Harrison Daily Times, Harrison, Arkansas July 02, 1920, page 6
- 3 level tablespoons fat
- 1/2 cup granulated sugar
- 1-3 to 2-3 cup milk
- 1 1/2 cups flour
- 2 1/2 teaspoons baking powder
- 1 teaspoon vanilla
- 1 egg
Cream fat and sugar together, add beaten egg and heat thoroughly. Then add flour and liquid alternately, about one-third of each at a time. Beat the batter thoroughly after all flour and liquid have been added. Vanilla may be added during this beating. Last of all scatter the baking powder over the surface of the batter and fold it in lightly with six or eight motions of the spoon so as to get it thoroughly mixed with every part of the batter. Do not beat the batter after adding the baking powder but turn it at once into a cake pan and bake.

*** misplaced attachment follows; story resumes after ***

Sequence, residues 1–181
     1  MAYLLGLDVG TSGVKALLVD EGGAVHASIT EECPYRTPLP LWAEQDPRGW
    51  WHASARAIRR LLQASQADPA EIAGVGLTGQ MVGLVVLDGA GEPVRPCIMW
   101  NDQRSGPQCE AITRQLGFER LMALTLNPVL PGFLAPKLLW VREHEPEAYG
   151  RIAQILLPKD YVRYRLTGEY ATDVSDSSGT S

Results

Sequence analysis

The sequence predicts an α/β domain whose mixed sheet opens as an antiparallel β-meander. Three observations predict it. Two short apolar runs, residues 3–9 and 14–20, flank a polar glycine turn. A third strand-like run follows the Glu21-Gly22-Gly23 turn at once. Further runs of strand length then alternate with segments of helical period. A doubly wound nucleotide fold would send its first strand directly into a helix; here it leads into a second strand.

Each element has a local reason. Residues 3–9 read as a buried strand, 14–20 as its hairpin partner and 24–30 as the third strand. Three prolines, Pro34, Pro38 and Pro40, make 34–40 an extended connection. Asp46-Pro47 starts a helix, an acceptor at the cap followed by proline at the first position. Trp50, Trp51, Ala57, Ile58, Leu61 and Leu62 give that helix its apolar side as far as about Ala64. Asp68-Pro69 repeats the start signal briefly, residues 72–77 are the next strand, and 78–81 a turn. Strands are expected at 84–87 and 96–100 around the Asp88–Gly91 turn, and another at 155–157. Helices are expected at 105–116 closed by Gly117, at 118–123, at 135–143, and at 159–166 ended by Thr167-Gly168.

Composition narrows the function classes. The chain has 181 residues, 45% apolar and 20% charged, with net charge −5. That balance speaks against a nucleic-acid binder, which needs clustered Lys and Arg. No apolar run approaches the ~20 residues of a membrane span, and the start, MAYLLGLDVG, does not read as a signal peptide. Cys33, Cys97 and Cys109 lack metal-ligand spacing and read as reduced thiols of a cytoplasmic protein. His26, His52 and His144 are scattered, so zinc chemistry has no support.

This cake may be baked as cupcakes in muffin pans, or in layers, or in a loaf. If it is baked as a loaf of the size given above it should be put into a very slow oven, which is allowed to warm up gradually (280 to 375 degrees F. for one hour is suitable even temperature). At the first trial one is more sure of success in baking the small cakes than the loaf.
The cake can be put together by other methods than the one described above. Any approved method may be selected, but the two points which give the most difficulty are the too vigorous beating of the batter after the baking powder has been added, and baking the loaf in too hot an oven.
If directions in the above recipe are carefully followed the resulting cake should be light, of even texture and uniform grain, tender and moist. It should not be coarse and muffin-like in texture, nor dry and compact.